The Fusion interview: Obama talks torture, immigration, and more with Jorge Ramos
President Obama on Tuesday rejected the suggestion that he has changed his position on immigration and deportations — and dismissed a lawsuit filed by 20 states challenging his recent changes to immigration policy.
In the interview, Fusion’s Jorge Ramos challenged Obama on past statements in which the president said he didn’t have the legal authority to suspend deportations because he wasn’t a “king” or an “emperor.” Ramos said Obama did “just that” last month, when he took unilateral action that will shield up to 5 million undocumented immigrants from deportation.
Obama said he hadn’t changed his mind on the matter, but a review by the Department of Homeland Security produced more lawful steps his administration could take.
“At the time, Jorge — and I can run back the tape on your questions and some of the questions at that town hall — the notion was that we could just stop deportations. Period. And we can’t do that,” Obama said.
“What I’ve said very clearly and consistently is that we have to enforce our immigration laws, but that we have prosecutorial discretion given the limited resources. And we can’t deport 11 million people.”
Obama said he made it a priority to focus resources on border security and deporting criminals early in his presidency. That focus was sharpened in 2012, he said, when his administration announced the program known as Deferred Action for Childhood Arrivals, which has helped hundreds of thousands of young undocumented immigrants avoid deportation. Obama painted his latest move to shield as many as 5 million undocumented immigrants from deportation in a similar light.
Ramos pushed back.
“As you’re saying, you always had the legal authority to stop deportations. Then why did you deport 2 million people? For six years you did it,” Ramos said.
“You destroyed many families,” Ramos added. “They called you the ‘deporter-in-chief.’”
“You called me deporter-in-chief,” Obama said. “I did not.”
Ramos pointed out that it was Janet Murguia, president of the National Council of La Raza, a Hispanic civil-rights advocacy group, who bestowed that title on Obama.
“But you could’ve stopped deportations,” Ramos said.
“That is not true,” Obama fired back. “Listen, here’s the fact of the matter. Jorge, here’s the fact of the matter. As president of the United States, I’m always responsible for problems that aren’t solved right away. I regret millions of people who didn’t get health insurance before I passed health insurance, and before I implemented it. I regret the fact that there are kids who should’ve been going to college during my presidency, but because we didn’t get to them fast enough, they gave up on college.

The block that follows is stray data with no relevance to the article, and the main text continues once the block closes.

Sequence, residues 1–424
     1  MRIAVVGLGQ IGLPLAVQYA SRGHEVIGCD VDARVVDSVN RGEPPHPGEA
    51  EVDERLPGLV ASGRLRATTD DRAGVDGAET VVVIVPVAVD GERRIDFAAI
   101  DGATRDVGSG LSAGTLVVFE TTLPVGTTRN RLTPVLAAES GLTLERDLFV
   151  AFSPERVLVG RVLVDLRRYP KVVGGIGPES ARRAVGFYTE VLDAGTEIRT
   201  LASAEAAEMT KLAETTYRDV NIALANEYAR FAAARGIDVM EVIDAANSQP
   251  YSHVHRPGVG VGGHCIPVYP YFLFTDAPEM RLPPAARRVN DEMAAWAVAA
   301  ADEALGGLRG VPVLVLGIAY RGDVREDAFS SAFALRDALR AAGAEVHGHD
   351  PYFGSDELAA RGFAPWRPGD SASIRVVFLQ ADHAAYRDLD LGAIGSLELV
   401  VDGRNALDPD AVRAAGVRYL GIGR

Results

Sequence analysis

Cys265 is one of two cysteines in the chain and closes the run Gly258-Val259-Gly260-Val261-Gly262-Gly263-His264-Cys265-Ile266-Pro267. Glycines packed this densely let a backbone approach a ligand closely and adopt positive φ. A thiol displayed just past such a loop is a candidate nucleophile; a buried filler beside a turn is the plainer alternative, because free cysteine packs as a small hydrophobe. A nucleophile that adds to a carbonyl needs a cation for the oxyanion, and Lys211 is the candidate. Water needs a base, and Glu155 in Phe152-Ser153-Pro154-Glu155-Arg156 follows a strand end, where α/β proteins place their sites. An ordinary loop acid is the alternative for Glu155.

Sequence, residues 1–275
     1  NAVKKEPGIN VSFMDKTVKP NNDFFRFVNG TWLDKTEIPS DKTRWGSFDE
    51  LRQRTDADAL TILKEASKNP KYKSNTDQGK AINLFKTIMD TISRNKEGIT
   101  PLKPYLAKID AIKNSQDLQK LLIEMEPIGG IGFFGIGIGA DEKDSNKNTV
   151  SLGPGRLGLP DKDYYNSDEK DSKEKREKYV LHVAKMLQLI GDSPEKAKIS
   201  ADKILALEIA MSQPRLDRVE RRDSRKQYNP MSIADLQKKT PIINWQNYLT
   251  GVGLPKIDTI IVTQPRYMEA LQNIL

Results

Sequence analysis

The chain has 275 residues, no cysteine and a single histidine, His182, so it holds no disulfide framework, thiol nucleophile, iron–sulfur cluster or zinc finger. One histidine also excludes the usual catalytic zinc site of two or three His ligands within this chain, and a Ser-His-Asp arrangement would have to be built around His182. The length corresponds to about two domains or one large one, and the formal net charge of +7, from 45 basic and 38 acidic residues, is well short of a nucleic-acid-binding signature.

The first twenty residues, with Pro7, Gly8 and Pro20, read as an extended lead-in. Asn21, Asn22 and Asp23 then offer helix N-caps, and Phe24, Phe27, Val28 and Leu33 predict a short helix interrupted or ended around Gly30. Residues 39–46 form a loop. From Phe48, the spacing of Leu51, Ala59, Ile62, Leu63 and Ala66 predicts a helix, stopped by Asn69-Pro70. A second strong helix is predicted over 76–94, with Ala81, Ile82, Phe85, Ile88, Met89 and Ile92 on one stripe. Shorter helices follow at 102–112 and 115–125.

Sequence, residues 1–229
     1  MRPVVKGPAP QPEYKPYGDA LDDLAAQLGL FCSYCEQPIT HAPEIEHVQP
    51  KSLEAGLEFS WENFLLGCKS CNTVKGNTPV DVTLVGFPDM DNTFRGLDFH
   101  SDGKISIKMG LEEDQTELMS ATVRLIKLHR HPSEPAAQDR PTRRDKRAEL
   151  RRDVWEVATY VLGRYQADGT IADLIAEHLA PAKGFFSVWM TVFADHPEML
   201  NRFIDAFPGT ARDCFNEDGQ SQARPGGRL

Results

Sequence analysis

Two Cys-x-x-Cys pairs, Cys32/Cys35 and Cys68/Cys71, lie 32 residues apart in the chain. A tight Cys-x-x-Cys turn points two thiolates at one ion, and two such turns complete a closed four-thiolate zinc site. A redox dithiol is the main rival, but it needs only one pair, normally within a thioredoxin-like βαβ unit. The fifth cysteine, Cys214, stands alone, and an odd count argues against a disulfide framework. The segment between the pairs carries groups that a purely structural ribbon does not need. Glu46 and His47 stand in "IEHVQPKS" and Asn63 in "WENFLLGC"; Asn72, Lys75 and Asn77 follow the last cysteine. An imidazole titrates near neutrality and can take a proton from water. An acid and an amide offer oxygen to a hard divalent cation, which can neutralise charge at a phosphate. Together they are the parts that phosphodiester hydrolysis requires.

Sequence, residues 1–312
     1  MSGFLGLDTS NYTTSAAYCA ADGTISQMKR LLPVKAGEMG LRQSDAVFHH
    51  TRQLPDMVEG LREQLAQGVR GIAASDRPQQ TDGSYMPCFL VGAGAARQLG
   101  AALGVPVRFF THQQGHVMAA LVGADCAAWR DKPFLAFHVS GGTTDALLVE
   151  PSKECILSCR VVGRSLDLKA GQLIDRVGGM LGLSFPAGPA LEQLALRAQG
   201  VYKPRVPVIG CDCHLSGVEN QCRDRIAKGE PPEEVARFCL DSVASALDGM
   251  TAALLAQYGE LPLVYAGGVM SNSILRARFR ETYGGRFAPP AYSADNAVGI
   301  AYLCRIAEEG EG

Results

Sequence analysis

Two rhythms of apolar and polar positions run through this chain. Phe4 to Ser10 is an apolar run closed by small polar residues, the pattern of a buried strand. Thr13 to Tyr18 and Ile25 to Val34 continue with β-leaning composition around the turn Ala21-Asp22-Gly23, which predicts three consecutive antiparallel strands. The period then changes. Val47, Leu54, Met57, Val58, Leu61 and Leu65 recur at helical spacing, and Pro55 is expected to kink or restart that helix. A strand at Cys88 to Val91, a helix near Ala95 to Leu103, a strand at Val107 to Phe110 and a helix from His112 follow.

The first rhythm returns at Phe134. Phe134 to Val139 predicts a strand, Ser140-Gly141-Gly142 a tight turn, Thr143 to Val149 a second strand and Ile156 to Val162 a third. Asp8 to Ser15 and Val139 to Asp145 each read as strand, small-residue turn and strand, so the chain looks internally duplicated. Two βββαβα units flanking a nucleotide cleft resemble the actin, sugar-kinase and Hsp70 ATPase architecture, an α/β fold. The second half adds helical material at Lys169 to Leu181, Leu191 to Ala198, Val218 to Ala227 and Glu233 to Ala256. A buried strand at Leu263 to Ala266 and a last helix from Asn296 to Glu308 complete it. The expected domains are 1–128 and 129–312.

“The question is: Are we doing the right thing, and have we consistently tried to move this country in a better direction? And those — like you, sometimes, Jorge — who just suggest that there are simple, quick answers to these problems … when you present it in that way, it does a disservice, because it makes the assumption that the political process is one that can easily be moved around depending on the will of one person. And that’s not how things work.”
Obama said the key to cementing his immigration changes is broad, comprehensive legislation that comes from Congress and supplants his executive actions. But that seems unlikely — Republicans, who now control both the House of Representatives and the Senate, say Obama moving unilaterally on immigration has ruined chances for bipartisan cooperation.
“Right now, by the actions that I’ve taken, I still have 5 million people who do not have the ability to get registered and be confident that they’re not going to be deported,” Obama said. “In fact, what’s going to happen sometime over the next two days, week, month is that there are going to be some folks who are still going to be caught up in the system because we have to go and train ICE workers so that they’re responding in a different way.
“So the question I have for you, Jorge — because you’re going to have a big voice — is, are you going to do a good job, now that we’ve taken these actions, in making sure people understand what their opportunities are, how we can take advantage of it, and how we can build to make sure that, going forward, not only do we register as many people as possible … and we lay the groundwork for passing comprehensive immigration reform.”